Returning to the returner

The author meets his favorite Brown since the return.

The Browns undoubtedly got worse this week, as five career-long Browns signed elsewhere in free agency.

The hype-driven investment in Johnny Manziel long ago blew up in the Browns’ faces, and the debris of this two-year fiasco was finally swept aside yesterday, a long-awaited official exodus.

Nearly everywhere is a “need” position, and the Browns made a couple value signings at inside linebacker and on the O-line in Justin Tuggle and Alvin Bailey, two three-year vets whose teams chose not to tender them restricted free agent offers.

But I wanted to reflect on an event that took place a week ago, when I got to meet a former Brown who was actually offered and signed contract extensions on two separate occasions. His hard-nosed approach to the game, connection to the fan base, and underdogged determination make Josh Cribbs my favorite Browns player of the current millennium.

He was this year’s guest at my local Brown Backers club’s annual banquet, the Southeast Michigan Browns Backers‘ Cry in Your Beer Bawl. This vibrant chapter coordinates two locations for Browns to gather for games, raises tens of thousands of dollars for charity, and has brought in such guests as Kevin Mack, Earnest Byner, Travis Benjamin, Brian Brennan, Reggie Langhorne, Eric Metcalf, Frank Minnifield, T.J. Ward, John Hughes, “Turkey” Joe Jones, and Ross Fichtner to meet fans and sign free autographs.

Several of these speakers were interesting and personable, particularly Byner. But Cribbs topped them all in this regard, proving what I already knew: that the communications major truly “gets” the spirit that animates Browns fandom. He was also candid in his view that none of the QBs in the draft class merit the second-overall pick, and that the Browns should seek their answer in a veteran such as Robert Griffin III or Colin Kaepernick, the latter possibility now apparently in the works.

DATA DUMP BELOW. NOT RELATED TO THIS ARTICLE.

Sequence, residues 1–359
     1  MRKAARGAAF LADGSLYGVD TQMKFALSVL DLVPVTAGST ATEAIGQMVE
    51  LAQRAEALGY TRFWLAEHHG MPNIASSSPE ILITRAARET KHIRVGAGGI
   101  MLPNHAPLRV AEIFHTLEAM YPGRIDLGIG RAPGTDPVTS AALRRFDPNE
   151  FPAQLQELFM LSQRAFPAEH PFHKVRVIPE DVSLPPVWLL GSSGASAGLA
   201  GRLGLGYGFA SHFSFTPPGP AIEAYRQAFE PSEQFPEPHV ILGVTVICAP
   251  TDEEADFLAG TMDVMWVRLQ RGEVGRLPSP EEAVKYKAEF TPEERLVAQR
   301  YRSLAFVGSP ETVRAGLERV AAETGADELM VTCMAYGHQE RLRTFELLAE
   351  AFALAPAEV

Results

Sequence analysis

It was a pleasure to meet the man who almost single-handedly made Browns football bearable during some very tough years, who rose from the undrafted ranks to earn a long-term deal that he far outperformed. It’s clear that Cribbs would have stayed a Brown longer if he had the choice. Instead, his last game turned out to be known as Deflategate.

As I wrote in the book I was honored to present to him:

The converted Kent State quarterback made a might impact with his hard-charging, relentless style as a returner, kick cover man extraordinaire, and occasional receiver and wildcat option on offense. Popular and genial, the dreadlocked Cribbs gave fans a reason to pay attention no matter how bad Browns football had become. His phenomenal 2007 season ranks among the very best years for any returner. Two years later he scored touchdowns and had plays gaining at least 35 yards four different ways. A member of the Hall of Fame’s All-2000s team, he gained more yards in a Browns uniform than anyone except Jim Brown.

Thanks again to the SEMBB, to my dad for again sponsoring our shared Browns loyalty, and to Josh Cribbs for all the fun his hard-fought excellence provided to so many during his stellar career. The analytics experts now running the Browns would do well if they could fill the roster with 53 guys like him.